Unless the euro takes a sudden nosedive, at present you can roughly add 25% (or a quarter) to the sterling price to get the euro conversion. This is not an Einstein equation and you do not have to be a mathematical wizard to work it out. Taking my example of the Irish Mail On Sunday (which I must point out is not the only culprit, but it happened to be the one I noticed most recently), if the sterling price noted was £1 then a rough calculation takes me to €1.25. Add on a little extra for the rough calculation and the transport and even €1.50 seems generous, but at €2.00 we seem to be way off the mark. Take an item of clothing or household goods with a tag of £50.00 sterling, the rough conversion gets you to €62.50. Again you have to consider that it is an import and there will be transport costs and also currencies do fluctuate and these are rough calculations, but if you feel it is way off then at least you are aware and that’s the only position to effect change. If we don’t know we are being ripped off, how can we stop it?

Retailers also have to wise up and stop complaining about the impact of internet shopping and the fact that footfall and general spending trends are down in traditional shops. Naturally I will run to the internet if I can save myself a few hundred euro, as is often the case in the world of electronics, when you consider the dollar price and more recently the sterling cost. When shops behave badly there is quite a lot at stake. Jobs will be lost, units will lie empty and the tendency is to lay this at the door of the economy and poor consumer confidence. Retailers need to take back some of the responsibility and start ploughing back in some of the gains made by playing the currency card and give us some value for a change.

As for the consumer, we often feel that our hands are tied and there is little we can do. We want the merchandise and therefore we have no choice but to pay through the nose for it. It would be silly to suggest that we boycott all the non-Irish shops and hope that they pack up and leave. That is the other extreme, and equally daft. I enjoy the choice on offer in Waterford and I welcome the employment by these multi-nationals that certainly feeds into the local economy, but is it too much to ask that they play fair? Let’s face it, apart from providing employment, many of the larger multinationals do little for the local communities. When it comes to charities, for example, it is usually the smaller, Irish owned, local retailers that are asked for sponsorship or charity prizes. You rarely see (if ever) landscaped roundabouts sponsored by anyone other than local businesses. (To keep this in balance we would have to acknowledge Tesco for using Irish suppliers and also allowing charities and clubs to bag pack and raise funds that way.) However, I could give you a list of retailers that don’t contribute anything much, other than their store, to local endeavours.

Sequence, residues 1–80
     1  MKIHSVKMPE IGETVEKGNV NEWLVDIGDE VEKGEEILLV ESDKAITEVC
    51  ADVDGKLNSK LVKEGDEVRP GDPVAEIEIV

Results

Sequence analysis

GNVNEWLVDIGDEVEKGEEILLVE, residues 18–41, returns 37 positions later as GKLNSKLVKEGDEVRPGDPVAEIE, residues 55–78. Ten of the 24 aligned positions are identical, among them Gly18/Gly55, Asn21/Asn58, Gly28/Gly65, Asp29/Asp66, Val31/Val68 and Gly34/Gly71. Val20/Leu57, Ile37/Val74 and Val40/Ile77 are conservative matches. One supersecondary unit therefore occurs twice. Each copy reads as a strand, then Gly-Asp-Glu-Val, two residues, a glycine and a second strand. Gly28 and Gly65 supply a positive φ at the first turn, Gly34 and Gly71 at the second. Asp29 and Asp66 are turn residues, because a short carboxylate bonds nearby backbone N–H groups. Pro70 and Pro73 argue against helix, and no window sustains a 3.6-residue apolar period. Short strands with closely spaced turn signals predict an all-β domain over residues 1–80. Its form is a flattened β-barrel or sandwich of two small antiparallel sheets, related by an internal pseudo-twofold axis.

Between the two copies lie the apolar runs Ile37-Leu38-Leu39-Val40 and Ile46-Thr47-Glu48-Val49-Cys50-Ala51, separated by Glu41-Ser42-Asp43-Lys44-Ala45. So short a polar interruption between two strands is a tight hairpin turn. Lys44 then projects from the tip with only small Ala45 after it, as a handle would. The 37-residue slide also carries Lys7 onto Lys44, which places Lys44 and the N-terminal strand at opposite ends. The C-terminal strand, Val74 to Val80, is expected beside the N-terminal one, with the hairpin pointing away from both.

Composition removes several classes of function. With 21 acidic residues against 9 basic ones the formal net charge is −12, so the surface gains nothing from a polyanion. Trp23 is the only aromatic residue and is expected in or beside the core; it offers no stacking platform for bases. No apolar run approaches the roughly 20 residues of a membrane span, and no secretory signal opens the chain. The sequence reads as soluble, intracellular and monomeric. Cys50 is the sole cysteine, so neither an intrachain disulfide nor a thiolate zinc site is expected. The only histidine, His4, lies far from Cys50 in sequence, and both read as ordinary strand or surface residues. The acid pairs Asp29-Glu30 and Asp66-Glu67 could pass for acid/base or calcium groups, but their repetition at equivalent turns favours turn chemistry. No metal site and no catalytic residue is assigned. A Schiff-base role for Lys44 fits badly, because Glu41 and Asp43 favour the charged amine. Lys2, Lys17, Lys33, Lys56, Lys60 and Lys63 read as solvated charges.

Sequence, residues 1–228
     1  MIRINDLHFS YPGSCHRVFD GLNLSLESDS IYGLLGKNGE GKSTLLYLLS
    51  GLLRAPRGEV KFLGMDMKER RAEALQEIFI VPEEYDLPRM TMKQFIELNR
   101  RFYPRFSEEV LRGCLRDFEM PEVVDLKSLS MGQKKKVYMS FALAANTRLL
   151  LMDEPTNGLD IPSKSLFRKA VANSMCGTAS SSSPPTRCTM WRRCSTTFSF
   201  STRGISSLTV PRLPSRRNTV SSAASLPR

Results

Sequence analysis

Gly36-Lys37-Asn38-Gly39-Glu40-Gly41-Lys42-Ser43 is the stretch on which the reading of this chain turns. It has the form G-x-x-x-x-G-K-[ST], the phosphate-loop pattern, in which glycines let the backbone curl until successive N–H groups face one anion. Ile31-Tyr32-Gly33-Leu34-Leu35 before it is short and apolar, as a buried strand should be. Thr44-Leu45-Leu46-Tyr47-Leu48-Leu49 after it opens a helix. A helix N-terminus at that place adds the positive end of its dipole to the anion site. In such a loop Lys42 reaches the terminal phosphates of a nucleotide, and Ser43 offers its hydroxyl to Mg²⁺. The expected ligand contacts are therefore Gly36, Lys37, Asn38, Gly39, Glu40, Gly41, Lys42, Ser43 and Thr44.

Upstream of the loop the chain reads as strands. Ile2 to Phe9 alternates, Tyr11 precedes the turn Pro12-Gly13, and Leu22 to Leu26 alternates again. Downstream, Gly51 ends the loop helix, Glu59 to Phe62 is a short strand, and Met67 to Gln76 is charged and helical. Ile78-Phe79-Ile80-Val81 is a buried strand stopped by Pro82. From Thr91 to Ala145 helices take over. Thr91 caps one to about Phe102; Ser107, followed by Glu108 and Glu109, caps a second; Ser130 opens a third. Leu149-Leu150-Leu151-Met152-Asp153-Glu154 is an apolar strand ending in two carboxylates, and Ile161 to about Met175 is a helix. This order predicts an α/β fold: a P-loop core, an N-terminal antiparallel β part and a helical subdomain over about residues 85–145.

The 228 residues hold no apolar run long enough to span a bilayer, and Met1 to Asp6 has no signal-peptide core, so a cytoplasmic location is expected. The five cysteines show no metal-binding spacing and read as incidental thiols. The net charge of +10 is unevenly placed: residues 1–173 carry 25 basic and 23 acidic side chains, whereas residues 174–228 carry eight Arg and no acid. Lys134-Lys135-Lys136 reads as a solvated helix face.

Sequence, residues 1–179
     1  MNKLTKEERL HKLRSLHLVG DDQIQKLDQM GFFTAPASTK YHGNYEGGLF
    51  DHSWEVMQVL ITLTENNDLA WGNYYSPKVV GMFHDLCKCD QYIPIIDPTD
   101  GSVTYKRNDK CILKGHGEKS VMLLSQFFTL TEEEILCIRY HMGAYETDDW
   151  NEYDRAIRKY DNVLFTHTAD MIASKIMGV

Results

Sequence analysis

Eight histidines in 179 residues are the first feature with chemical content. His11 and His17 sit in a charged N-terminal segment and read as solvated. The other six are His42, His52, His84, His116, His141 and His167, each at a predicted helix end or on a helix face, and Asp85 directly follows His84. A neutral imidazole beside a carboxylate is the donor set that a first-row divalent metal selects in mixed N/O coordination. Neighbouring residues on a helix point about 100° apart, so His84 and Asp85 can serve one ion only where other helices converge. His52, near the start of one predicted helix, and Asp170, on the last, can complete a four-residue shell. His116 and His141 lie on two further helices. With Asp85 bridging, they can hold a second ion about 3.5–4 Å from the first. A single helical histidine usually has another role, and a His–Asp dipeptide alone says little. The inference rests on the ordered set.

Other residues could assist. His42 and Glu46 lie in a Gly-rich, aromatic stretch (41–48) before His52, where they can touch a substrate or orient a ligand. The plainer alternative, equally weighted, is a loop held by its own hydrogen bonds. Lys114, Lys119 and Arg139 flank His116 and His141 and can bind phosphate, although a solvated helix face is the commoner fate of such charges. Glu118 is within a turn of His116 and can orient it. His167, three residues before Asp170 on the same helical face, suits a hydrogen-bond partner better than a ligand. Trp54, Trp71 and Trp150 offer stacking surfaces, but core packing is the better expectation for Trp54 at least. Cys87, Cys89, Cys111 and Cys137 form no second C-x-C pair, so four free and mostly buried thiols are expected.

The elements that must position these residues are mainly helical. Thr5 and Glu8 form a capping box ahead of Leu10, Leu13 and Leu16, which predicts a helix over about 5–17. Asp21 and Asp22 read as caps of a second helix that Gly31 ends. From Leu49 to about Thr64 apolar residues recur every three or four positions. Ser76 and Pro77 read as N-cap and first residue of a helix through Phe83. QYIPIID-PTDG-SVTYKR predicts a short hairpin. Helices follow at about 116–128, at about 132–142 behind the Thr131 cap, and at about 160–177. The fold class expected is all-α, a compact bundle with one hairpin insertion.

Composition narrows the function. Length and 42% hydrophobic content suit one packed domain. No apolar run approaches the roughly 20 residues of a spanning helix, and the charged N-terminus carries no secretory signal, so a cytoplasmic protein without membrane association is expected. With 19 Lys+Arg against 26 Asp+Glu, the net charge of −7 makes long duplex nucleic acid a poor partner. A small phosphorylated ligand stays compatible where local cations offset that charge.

Action must be taken and unfortunately it has to come from some government body or through legislation. They should insist that the sterling prices can’t be displayed unless the shops are willing to accept sterling at the tills (or at least insist that the staff wear balaclavas and carry weapons so we are aware of the daylight robbery going on!), but don’t continue to insult our intelligence by grossly overcharging and believe that we are stupid enough to pay anyway.